But, this cycle of short-term TDs offers a key opportunity. With most of the money in the shortest term TDs – 60% in 0-3 month TDs3  – that means up to $540 bn is due to roll in the next 12 weeks. Now’s the time to assess past behaviour and look for new opportunities.

It’s a matter of trust

Higher TD rates can often be achieved by looking outside of the top names, to ones investors are less familiar with. Making the choice to lock up money for longer periods can also provide higher returns. But, both of these approaches have key drawbacks. Is there the same level of comfort when investing with a less familiar bank? And what if unforeseen circumstances makes earlier than planned access to funds necessary?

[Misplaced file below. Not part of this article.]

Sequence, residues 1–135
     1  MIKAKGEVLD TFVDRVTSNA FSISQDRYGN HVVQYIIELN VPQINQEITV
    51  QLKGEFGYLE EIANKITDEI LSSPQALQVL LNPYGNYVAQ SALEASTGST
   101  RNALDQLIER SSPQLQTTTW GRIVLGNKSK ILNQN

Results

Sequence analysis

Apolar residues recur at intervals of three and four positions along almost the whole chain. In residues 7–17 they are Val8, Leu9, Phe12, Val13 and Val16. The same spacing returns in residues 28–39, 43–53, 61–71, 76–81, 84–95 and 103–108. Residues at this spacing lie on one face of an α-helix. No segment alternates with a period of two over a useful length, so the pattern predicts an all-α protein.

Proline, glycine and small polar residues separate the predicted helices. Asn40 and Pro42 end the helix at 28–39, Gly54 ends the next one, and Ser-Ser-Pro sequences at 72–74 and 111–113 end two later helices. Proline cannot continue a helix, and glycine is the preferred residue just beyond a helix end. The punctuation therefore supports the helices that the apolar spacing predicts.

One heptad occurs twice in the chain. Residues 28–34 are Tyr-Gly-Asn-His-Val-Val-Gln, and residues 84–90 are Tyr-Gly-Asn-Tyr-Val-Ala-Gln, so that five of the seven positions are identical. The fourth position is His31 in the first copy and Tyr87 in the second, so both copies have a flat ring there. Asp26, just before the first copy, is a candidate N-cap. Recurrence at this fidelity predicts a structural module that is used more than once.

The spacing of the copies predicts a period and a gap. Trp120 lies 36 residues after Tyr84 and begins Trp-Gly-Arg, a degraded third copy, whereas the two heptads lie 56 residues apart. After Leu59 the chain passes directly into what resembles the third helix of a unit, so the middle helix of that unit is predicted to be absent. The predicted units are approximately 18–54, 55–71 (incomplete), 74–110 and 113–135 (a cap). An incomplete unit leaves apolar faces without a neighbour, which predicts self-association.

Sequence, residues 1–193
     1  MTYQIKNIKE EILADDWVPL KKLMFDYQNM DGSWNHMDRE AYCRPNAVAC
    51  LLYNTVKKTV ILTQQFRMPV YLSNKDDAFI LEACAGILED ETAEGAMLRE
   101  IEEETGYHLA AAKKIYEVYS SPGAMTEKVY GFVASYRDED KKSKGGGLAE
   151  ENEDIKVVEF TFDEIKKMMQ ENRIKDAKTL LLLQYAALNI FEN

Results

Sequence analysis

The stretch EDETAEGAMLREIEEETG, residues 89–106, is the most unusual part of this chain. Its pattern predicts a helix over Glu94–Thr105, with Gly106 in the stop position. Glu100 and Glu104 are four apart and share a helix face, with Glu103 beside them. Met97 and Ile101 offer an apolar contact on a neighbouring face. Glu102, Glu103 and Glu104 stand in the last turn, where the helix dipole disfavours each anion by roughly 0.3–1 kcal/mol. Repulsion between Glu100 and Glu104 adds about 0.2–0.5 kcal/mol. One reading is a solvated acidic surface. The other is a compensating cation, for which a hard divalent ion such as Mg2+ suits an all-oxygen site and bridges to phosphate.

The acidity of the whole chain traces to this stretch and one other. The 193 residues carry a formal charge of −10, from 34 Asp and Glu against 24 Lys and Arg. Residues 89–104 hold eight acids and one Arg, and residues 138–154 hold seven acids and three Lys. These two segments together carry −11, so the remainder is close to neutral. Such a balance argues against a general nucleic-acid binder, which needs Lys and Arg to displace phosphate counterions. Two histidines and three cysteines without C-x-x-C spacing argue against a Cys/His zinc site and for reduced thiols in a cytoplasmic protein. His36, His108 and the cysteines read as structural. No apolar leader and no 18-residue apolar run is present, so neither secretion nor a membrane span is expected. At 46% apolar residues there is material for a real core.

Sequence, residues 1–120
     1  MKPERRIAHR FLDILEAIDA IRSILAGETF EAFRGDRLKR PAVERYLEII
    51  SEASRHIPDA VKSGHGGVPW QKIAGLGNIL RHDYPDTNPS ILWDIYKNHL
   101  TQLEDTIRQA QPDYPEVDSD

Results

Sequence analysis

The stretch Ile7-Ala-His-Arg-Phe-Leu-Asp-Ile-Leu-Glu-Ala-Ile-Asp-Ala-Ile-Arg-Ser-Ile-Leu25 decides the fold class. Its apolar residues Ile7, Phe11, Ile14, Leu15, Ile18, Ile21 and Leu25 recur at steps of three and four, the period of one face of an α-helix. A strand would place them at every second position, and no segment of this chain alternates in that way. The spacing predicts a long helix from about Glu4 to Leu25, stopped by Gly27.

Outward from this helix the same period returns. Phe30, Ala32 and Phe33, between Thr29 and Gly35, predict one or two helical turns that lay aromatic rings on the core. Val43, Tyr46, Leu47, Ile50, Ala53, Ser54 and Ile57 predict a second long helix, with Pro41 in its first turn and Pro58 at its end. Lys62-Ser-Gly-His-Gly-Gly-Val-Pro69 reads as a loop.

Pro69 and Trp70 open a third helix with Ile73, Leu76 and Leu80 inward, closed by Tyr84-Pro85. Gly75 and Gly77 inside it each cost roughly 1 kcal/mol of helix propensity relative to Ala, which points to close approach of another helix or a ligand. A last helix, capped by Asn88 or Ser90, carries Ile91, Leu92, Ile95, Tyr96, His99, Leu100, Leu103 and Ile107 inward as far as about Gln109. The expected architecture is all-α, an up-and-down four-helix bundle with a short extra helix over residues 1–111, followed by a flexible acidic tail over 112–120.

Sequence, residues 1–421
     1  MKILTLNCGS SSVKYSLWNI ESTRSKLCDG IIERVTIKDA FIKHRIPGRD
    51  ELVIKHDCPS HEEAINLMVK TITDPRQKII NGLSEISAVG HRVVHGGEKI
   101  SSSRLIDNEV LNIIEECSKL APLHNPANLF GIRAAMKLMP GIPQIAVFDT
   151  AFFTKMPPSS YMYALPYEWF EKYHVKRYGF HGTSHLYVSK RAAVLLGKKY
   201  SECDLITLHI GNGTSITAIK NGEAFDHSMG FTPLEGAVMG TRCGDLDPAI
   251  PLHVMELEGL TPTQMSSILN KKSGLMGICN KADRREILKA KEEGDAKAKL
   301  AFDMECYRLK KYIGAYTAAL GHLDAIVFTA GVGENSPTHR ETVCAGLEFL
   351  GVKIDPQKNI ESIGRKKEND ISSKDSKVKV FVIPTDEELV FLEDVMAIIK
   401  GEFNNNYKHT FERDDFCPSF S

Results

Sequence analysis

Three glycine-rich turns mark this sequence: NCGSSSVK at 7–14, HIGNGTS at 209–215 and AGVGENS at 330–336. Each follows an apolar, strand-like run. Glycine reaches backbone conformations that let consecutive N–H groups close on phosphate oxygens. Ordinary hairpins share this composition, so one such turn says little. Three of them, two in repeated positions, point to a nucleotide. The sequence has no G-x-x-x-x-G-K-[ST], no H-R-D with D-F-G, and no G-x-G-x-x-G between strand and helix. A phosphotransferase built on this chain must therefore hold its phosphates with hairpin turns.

Add to this recent research published by Deloitte4 and Nielsen5 suggesting the banking industry as a whole has experienced a significant decline in trust over the last two months. The reports suggest the decline has resulted in more than 2 million Australians currently considering their options.

Gen X and SMSF Trustees impacted most

Neilsen research shows that across the population, its Generation X that are the most impacted. Perhaps their needs for an array of financial products (mortgages, insurance policies and bank accounts) may be behind a feeling of paralysis. With many SMSF trustees being Gen Xers, the link between SMSFs and the need to look for alternative options, without creating too many headaches for the customer, is clear to see.